Fingers start position
The most important thing is to place your forefingers in the middle of horizontal row. For QWERTY keyboards that would be keys "F" and "J". The rest of fingers (except for the thumb) should be placed along the "home" row. During touch typing you reach other keys starting from the base position. You do not need necessarily come back to the base position, after a key has been pressed, although, your forefingers should keep their base position whenever possible.
It is also important that your arms and hands are arranged in a natural way. Do not try to stretch them for typing! You should not lay your hands in a "rabbit fashion". If you feel somehow uncomfortable during typing, change your position so that you do not feel any inconvenience.
The correct finger-key mapping resembles a "broken cascade". It is "broken" because numeric keys (the first upper row on the keyboard) are an exception. If you have a typical keyboard e.g. QWERTY, you can try that it is further for your forefinger to reach from key "J" to key "6", than from key "F" to key "6". The "finger-key" mappings should look, therefore, like this:
Most of resources in the Internet show that fingers belong to a given key in the form of "full cascade". This approach does not work as it should in practice, although, it looks very nice in theory - in the picture:
Although the correct approach is not obvious and seems less popular, we want to teach you it. It is just more comfortable for your hands.
Keyboard's top row of keys
Typing keys of the keyboard's top row is controversial. Some people claim that it is more comfortable for them to type using a "full cascade" pattern. How can one argue with such a statement? If someone has typed for years in one way, it is hard to convince them to do it differently now.
Let's make some measurements to check if it is actually closer to get from the keys with bumps to the center of the top row. How the top row keys are positioned in relation to the center of the keyboard? The key that interests us is key with the number "6". Below there are various of QWERTY keyboards with English US layout.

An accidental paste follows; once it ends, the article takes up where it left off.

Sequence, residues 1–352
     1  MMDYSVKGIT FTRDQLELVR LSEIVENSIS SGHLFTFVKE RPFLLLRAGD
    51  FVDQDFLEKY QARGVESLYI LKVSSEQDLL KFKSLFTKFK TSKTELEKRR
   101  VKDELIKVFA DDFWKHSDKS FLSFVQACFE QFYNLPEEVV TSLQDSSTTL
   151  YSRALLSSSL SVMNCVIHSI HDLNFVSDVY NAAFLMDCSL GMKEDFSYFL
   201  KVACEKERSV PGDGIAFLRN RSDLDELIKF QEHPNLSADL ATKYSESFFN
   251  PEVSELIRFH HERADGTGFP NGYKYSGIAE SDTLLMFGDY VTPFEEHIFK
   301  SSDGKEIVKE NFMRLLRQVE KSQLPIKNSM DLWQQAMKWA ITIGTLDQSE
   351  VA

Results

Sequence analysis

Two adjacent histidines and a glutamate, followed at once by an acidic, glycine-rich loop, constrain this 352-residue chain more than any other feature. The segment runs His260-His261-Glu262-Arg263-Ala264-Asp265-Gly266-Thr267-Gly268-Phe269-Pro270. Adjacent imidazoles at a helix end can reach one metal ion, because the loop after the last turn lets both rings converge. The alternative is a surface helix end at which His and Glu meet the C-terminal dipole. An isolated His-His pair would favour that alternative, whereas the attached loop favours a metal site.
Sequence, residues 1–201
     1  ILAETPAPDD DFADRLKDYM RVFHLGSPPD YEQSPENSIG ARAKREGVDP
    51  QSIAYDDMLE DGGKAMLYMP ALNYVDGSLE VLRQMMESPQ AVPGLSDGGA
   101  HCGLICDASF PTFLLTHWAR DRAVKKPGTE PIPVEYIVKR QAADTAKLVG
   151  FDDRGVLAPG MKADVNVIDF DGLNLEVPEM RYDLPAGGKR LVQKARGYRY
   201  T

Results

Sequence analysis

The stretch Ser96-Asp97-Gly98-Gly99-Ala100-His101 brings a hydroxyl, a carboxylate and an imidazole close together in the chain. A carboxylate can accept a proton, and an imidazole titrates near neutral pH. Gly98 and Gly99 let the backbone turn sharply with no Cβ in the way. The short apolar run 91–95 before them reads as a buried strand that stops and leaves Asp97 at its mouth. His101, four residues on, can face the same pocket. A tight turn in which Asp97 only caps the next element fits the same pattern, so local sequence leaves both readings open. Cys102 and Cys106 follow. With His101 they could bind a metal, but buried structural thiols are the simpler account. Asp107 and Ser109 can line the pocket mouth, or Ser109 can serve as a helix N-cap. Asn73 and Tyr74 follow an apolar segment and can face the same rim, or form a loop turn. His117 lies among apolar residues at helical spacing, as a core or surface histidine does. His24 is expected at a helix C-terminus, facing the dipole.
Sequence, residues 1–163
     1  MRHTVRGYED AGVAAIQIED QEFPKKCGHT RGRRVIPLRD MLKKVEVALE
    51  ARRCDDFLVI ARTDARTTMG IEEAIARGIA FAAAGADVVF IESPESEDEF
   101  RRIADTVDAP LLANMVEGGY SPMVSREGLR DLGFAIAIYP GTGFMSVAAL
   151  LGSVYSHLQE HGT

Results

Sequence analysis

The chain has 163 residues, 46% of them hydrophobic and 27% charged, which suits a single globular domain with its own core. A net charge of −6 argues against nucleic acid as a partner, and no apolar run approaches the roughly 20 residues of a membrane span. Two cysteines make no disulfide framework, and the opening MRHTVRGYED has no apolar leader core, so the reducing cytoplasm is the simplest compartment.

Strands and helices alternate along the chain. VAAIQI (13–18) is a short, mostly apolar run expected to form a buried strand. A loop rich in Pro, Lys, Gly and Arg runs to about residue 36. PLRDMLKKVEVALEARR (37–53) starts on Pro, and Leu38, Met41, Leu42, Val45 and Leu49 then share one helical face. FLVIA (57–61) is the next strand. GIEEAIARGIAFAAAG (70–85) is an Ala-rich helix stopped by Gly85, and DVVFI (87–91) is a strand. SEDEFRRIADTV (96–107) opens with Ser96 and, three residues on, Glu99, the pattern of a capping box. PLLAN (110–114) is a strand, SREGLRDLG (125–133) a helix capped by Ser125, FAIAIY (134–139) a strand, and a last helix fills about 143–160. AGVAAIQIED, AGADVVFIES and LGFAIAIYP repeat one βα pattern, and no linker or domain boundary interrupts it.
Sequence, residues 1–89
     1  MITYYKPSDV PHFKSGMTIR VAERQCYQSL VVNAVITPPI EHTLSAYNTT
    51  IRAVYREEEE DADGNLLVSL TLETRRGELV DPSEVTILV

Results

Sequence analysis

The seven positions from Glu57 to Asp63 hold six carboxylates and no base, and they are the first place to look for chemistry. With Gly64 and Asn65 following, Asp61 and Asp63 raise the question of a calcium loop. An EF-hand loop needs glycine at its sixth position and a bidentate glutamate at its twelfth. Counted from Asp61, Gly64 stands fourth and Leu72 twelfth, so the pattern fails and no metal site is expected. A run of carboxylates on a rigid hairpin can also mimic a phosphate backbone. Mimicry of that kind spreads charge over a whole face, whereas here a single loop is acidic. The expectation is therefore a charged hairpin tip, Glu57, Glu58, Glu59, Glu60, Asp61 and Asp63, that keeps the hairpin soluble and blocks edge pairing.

First let's have a look at a keyboard of a Dell business laptop:
Now let's have a look at the Apple's Macbook Air keyboard:
Raspberry Pi keyboard shouldn't differ much regarding the top row of keys:
Maybe it is different for CoolerMaster mechanical keyboard?
And finally, let's have a look at the Chicony ergonomic keyboard:
In all cases, key with the number "6" lies mostly on the left side of the keyboard. It means it should be clicked by the left hand's pointing finger.
There are examples of keyboards that do exist and that would contradict the thesis I am trying to prove here. However, you usually don't see such keyboards in mainstream retail stores or even more popular online stores. These keyboards are destined for professionals who know what they are doing when using a substandard keyboard layout for their language. That is why AgileFingers enables you to remap the virtual keyboard in options. Yet, there will be types of keyboards e.g. ergonomic that break that pattern and it is something that AgileFingers does not support.
So why is that it is closer to get to the top row keys using the style of touch typing presented in AgileFingers, but it is more comfortable to use the full cascade typing pattern? The most obvious answer is that if somebody has typed for so many years using this pattern it is harder to get used to another way of typing. Yet, one may say that this is not the case because he or she has not used any typing pattern. In this case, it is probable that such a person is right-handed and it is easier to reach even more distant keys with the right hand than the left one. Another cause may be that handling the top keyboard row presented in AgileFingers just seems unnatural and it is hard to discuss with feelings.
Keyboard layout learning curve
It will take time before you get used to typing using the schema presented in AgileFingers. It is worth investing in learning to type faster, without looking at the keyboard. You may, however, disagree so strongly with the top row mapping that you decide not to use AgileFingers. Well, first of all, we do not force anybody to use the cascade with shifted first row of keys. AgileFingers presents on a virtual keyboard how fingers map to keys, but regarding the top row of your keyboard, you can use the full cascade pattern. It is as simple as that. On the other hand, it is always worth investing in doing something right once and then taking advantage of such investment.